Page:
Research Notes: Consumer Upstarts (Part II)
A review of a few more struggling consumer names
Welcome to Overlooked Alpha. Subscribe below to get our best investing ideas in your inbox every Sunday morning:
(Part I of this series, which covered FIGS (FIGS), The Honest Company (HNST), Oatly (OTLY), and Beyond Meat (BYND), was published last week.)
As we wrote last week, newer consumer brands have performed poorly over the past couple of years. Many went public — and then straight down, even at times when market sentiment was far more positive than it is at the moment. (HNST is a good example of this.)
The question now, as with so many stocks in this market, is whether the declines have gone too far. Surely, there is some value in these brands (Beyond Meat perhaps excepted) and surely there will be some takeover interest at the right time and the right price. Even Casper Sleep, a second-tier player in a tough industry, got a buyout offer that created some profit for investors who got in near the lows.
With the market gaining over the past couple of weeks, in what looks to us like a clear dead cat bounce/bear market rally, the cases for many of these names still don’t look strong enough. But this is also precisely the kind of market where investors should be looking and planning ahead, waiting for either another leg down or, perhaps, evidence that the broad market indeed is at a bottom.
In that context, these young and still-growing consumer brands comprise an interesting group. Here are thoughts on three more of those companies:
Warby Parker (WRBY)
In the first part of this series, we discussed the fact that many legacy consumer players — with Procter & Gamble (PG) and Coca-Cola (KO) among the exceptions — had struggled in recent years in part because of an influx of competition. Yet, again, many of those now-public competitors (and even some of the private ones) themselves are performing even worse.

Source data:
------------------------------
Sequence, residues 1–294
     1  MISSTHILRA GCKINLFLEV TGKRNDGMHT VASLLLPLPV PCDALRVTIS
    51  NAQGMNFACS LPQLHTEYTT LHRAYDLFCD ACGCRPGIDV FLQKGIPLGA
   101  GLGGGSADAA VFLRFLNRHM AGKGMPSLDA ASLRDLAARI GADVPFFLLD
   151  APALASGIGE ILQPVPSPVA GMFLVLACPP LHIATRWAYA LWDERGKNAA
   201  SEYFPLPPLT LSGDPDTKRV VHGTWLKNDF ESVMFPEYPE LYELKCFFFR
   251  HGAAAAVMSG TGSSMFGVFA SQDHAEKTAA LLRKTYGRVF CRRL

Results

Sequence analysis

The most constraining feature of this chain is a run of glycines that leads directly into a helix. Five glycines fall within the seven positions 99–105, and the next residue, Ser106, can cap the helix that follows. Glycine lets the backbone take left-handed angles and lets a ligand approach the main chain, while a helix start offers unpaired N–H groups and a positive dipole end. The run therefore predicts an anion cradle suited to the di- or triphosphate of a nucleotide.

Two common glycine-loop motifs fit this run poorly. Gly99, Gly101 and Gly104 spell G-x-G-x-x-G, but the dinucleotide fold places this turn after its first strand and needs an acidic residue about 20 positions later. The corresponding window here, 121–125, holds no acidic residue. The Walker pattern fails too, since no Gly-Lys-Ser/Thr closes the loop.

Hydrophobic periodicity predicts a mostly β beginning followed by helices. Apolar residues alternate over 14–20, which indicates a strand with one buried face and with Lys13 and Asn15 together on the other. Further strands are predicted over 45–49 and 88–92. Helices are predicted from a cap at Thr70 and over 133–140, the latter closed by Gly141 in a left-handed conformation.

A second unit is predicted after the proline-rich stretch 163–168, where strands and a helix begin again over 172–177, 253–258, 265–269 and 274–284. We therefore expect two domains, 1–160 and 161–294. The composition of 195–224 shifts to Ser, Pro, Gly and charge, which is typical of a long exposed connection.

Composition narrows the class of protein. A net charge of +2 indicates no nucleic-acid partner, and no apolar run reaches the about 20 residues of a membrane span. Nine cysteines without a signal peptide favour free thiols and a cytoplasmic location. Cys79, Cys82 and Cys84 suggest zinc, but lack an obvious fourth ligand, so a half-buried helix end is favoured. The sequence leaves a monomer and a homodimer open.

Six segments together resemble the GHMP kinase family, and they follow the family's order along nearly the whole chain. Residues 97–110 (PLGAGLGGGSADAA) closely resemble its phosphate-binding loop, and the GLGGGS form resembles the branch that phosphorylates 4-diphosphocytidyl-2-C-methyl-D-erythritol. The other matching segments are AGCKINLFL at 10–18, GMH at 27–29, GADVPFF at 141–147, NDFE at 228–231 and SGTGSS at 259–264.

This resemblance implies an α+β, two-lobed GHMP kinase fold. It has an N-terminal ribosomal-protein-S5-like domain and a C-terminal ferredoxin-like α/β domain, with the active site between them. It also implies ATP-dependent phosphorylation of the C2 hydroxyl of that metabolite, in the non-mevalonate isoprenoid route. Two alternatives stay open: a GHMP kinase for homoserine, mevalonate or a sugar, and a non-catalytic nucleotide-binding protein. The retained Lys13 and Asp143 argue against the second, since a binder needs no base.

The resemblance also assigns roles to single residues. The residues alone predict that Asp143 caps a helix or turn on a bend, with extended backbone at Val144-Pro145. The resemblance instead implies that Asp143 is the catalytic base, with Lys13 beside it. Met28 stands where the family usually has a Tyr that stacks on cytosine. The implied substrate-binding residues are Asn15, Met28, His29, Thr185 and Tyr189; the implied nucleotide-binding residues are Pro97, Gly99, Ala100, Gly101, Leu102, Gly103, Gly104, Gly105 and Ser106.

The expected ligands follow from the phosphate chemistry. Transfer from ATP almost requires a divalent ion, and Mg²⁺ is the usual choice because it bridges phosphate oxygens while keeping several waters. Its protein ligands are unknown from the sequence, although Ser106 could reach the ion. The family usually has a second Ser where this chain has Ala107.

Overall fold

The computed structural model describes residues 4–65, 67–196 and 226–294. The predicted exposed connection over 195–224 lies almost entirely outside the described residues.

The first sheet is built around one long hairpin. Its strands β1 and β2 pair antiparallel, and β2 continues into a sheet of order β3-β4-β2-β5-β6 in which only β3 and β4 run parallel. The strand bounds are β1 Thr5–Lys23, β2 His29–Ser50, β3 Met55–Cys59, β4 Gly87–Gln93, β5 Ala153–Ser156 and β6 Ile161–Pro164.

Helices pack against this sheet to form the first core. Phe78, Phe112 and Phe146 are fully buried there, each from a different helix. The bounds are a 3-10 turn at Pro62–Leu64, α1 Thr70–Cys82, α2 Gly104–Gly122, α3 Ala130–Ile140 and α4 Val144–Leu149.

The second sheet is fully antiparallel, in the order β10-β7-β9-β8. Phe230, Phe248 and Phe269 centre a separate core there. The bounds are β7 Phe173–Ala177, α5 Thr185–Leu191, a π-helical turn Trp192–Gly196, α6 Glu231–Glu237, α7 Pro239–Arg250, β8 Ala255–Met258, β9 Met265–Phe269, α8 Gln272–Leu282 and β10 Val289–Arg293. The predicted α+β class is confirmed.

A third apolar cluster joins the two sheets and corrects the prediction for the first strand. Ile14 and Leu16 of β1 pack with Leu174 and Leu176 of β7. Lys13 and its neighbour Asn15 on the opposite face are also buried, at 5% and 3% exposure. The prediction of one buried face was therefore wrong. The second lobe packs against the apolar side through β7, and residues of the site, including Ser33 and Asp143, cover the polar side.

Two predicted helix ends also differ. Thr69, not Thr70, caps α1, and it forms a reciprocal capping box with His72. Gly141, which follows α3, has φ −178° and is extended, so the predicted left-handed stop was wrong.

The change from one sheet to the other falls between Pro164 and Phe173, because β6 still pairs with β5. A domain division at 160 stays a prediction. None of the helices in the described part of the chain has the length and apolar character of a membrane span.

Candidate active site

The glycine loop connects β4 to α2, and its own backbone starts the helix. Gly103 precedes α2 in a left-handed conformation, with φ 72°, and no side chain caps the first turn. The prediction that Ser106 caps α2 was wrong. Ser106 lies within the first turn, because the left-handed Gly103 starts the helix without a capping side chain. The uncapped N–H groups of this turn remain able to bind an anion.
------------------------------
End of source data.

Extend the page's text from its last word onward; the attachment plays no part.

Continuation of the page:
There is some logic, perhaps, to that seeming contradiction: when a low-growth market (and nearly all consumer markets are low-growth) gets multiple new entrants, everyone loses. Warby Parker highlights a different but equally problematic trend: the inability of direct-to-consumer companies to stay direct-to-consumer.
We’ve seen this with Casper, Honest, and others. Warby Parker itself ended Q1 with 169 stores, with plans to hit 200 by year-end.
For Warby Parker, maybe the effort makes a bit more sense. As management noted on the Q1 call, there are ~41,000 optical shops in the US, so by year-end Warby Parker will have ~0.5% penetration. And relative to, say, a mattress retailer, required square footage (and thus lease expense) obviously is smaller.
Still, at the very least, these efforts to move to an omnichannel model increase both reward and risk. An online-only retailer probably has a lower ceiling on mid-term revenue — but a subscale omnichannel business can be zeroed out. (To be fair, Warby Parker, with free cash flow guided flattish this year and $230 million in cash on the books, is unlikely to be one of those businesses.) And moving to an in-store model undercuts one of the very real benefits of being online-only (one we highlighted last week): the ability to actually rent scale, whether in terms of marketing, IT power, etc.
What this means, simply, is there isn’t a lot of room for error. The performance of WRBY stock — now at $15.38, 71% below the reference price from its direct listing last year — shows that. Results haven’t been that bad (the stock has been +9.0%, +3.3%, and -5.3% one-day returns after the three earnings reports so far); WRBY just went public into the wrong market. Shares are down 70%-plus basically through a drip-drip process (the biggest one-day decline has been 13%, which came during the worst of last month’s sell-off).
That aside, WRBY highlights a third trend, one that applies to the likes of OTLY and BYND as well: down big, the stock does not look inexpensive by any fundamental measure. Shares are at ~60x this year’s EBITDA if you trust guidance, and after a miss-but-reiterate fiscal Q1 most investors probably don’t. Revenue grew just 10% in Q1, though the Street is looking for ~19% growth for the full year. Given a ~25% increase in the store count, that kind of growth is solid on an organic basis, but maybe not 60x EBITDA solid. It’s not a surprise that 24% of the float (~17% of shares outstanding) is sold short.